Today, we're talking to two of my favorite people. They collaborated on a wonderful series, and we're introducing the first book in the series--The Sovereign's Daughter. Our interview is a little different today.
Susan D: For me, the dream began when one of the single mothers whose adoption I facilitated gave me a yellowed, unidentified photo of two peasant-looking women standing at a gravesite. According to this adoptive mother, the photo supposedly included her grandmother right before she fled Russia. This picture, which is still posted over my computer, got the “what-ifs” going in my mind. Readers will discover a scene in The Sovereign’s Daughter that describes this graveside photo-taking.
Susan W: Susan D and I were both fascinated with Russia – we’d both lived or worked in Russia and had a love for the Russian people. We were also intrigued with the mystery of the czar and his family, as well as the Mennonite immigrants who moved stateside. The story came out of a “what if” conversation, and grew from there.
What are you reading right now?
Susan D: As the managing editor for Barbour’s new Heartsong Presents—MYSTERIES! book club line, I spend my work days reading a wide variety of cozy mysteries. (I still can’t believe they PAY me to do this job!) In my “off” hours, I’ve loaded several Janet Evanovich mysteries onto my new Amazon Kindle and am digging into One for the Money now. I’m also enjoying She Got Up Off the Couch, by Haven Kimmel.
Susan W: Light of Eidon, by Karen Hancock.
Is this book a standalone or part of a series? If series, what are the other books in the series?
This book was originally part of a 4-book series, a reverse generational saga that started in the contemporary and spiraled back to the past. Although each book stood alone, a mystery thread wound through the stories to connect them. And, of course, they’re all connected through their family lineage—as the “Heirs of Anton” series. After The Sovereign’s Daughter (originally named Oksana), comes Marina, (set in WW2), then Nadia (set in the cold war) and finally Ekaterina (set in contemporary Russia). We picked time periods that we loved to write about – I especially love WW2 and spy novels, so I loved writing about these unsung heroines.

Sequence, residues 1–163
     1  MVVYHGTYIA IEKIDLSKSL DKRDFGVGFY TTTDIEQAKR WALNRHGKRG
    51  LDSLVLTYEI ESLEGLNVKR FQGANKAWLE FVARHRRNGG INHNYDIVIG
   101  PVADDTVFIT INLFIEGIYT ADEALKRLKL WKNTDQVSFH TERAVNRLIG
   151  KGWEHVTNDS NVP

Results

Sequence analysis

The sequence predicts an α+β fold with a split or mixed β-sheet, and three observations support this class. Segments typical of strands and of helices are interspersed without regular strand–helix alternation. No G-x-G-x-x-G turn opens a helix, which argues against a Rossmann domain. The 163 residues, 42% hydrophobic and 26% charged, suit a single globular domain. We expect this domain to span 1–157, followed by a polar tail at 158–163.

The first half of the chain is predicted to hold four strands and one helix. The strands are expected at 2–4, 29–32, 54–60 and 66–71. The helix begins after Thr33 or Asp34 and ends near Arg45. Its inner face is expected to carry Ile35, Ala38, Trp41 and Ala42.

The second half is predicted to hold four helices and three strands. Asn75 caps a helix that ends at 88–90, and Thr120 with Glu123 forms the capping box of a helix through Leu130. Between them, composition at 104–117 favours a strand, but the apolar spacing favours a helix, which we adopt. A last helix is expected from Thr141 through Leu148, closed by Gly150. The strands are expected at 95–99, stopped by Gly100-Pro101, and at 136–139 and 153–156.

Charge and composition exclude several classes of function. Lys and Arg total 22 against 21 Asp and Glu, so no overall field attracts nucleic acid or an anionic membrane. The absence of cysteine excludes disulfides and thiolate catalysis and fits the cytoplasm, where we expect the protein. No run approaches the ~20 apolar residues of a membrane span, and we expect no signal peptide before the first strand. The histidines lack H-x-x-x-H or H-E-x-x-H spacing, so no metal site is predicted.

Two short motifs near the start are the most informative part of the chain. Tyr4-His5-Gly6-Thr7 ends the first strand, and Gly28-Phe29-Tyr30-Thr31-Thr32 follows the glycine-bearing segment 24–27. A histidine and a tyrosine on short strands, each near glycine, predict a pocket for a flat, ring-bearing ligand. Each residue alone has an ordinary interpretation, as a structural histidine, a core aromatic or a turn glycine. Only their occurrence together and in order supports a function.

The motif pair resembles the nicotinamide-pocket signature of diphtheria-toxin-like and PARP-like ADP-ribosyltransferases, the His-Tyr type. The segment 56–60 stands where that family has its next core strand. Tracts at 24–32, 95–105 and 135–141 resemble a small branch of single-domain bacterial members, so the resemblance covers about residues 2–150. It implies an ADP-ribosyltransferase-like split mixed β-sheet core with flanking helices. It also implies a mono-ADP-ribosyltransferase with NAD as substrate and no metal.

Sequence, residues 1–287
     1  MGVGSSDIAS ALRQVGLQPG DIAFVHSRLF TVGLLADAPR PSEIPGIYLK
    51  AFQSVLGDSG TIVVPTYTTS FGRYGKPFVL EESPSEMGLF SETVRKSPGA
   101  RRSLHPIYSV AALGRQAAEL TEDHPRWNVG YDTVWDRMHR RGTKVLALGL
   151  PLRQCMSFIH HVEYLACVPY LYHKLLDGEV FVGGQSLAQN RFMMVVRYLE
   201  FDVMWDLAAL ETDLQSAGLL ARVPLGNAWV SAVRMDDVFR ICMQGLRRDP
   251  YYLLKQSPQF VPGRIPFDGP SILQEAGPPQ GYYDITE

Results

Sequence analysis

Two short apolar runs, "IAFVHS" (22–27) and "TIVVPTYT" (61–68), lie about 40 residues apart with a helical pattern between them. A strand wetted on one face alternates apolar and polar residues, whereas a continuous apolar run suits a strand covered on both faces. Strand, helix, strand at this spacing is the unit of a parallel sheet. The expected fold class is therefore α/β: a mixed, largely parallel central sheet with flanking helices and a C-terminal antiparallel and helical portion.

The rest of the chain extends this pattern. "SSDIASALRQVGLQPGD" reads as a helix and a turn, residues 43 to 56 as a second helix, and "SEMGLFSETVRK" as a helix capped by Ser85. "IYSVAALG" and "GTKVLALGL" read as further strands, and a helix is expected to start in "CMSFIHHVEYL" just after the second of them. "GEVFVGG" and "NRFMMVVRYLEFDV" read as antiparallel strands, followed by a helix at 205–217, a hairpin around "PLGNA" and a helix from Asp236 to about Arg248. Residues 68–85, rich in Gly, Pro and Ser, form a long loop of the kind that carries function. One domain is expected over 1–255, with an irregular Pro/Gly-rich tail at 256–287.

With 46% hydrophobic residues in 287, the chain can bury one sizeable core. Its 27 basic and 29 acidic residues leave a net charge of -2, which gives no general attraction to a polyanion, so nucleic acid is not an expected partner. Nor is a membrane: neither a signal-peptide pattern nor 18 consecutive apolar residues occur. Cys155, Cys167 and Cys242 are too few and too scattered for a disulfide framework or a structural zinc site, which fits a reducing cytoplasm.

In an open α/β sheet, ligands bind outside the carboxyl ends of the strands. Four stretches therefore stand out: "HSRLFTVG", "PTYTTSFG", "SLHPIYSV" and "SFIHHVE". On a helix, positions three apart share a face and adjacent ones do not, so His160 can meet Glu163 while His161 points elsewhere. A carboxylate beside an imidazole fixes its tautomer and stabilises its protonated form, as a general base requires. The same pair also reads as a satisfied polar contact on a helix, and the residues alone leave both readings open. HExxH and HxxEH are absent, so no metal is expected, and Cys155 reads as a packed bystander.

What is the hardest thing about writing as part of a team?
Susan D: I think the hardest part of writing as a team for me had to be the fear that my work would be a disappointment to my partner. If it was, Susie never said so. That in itself earns her a lifetime supply of Brownie points!
Susan W: I think that Susan and I have a very unique writing partnership – we collaborate on the plots, and they are stronger for our ideas twined together, plus we have a deep friendship. We’ve found that it works best to have one writer slap down the rough draft, and the other polish it. It’s a great way to create a piece that has more body and texture to it.
How did collaborating with this team impact you?
Susan D: Beyond the opportunity to share those particular tortures and ecstasies of birthing words, working with Susie on this series taught me the true meaning of friendship. At a time when I didn’t think I could go on, Susie came alongside and carried me over the finish line.
Susan W: Susan probably knows how I work better than anyone – and her editorial insights helped hone some of my rough edges. She knows how to deepen a piece and I’ve taken away many of the things she taught me about creating beautiful sentences and tried to apply them to my (sniff) single-author books.
How did you choose your characters’ names?
Susan D: Anton Klassen, the male protagonist in The Sovereign’s Daughter, is a derivative of the real-life Anton Classen, my grandfather’s brother, who was an Oklahoma pioneer and staked his claim in the famous Land Run. If you do a Google search, you’ll find some interesting tidbits about his life and influence in early Oklahoma days.
Susan W: Susan also named Oksana, the pseudonym for Princess Olga. Of course, Olga, Tsar Nikolai’s and Tsarina Alexandria’s oldest daughter, was the name of the real princess. I chose some of the other names – like Edward, and Nadia, and Vadeem, from the other books.
What did you want the reader to take away from your story?
Susan D: No matter how dark and desperate life may seem at any given moment, God is in control.
Susan W: That God has plan bigger than what we see, and frankly, we might never know the end, but we can trust that it is good.
Are you a member of American Christian Fiction Writers? If so, why?
Susan D: Yes—I believe I’m member #28 or something like that. :-) I promote the cause of ACFW whenever I have a chance to speak to unenlightened authors.
Susan W: Yes – I was one of the original members. And Susan and I both served on the board a few years ago. I love ACFW – it’s the number one place for writers to encourage and help each other, and it’s unique because we all know that God is our agent and we don’t have to compete.
What is the best piece of advice you received as an author?
Susan D: Don’t let anyone discourage you from your dream.
Susan W: Write the kind of books you love to read. Find a niche, and become the best you can at it.
Where can we find you on the Internet?
Susan D: www.susandowns.com or www.editcafe.blogspot.com
Susan W: www.susanmaywarren.com; www.mybooktherapy.com
Readers, check out these web sites, and then get a copy of the book. You have a chance to win one if you leave a comment on this post.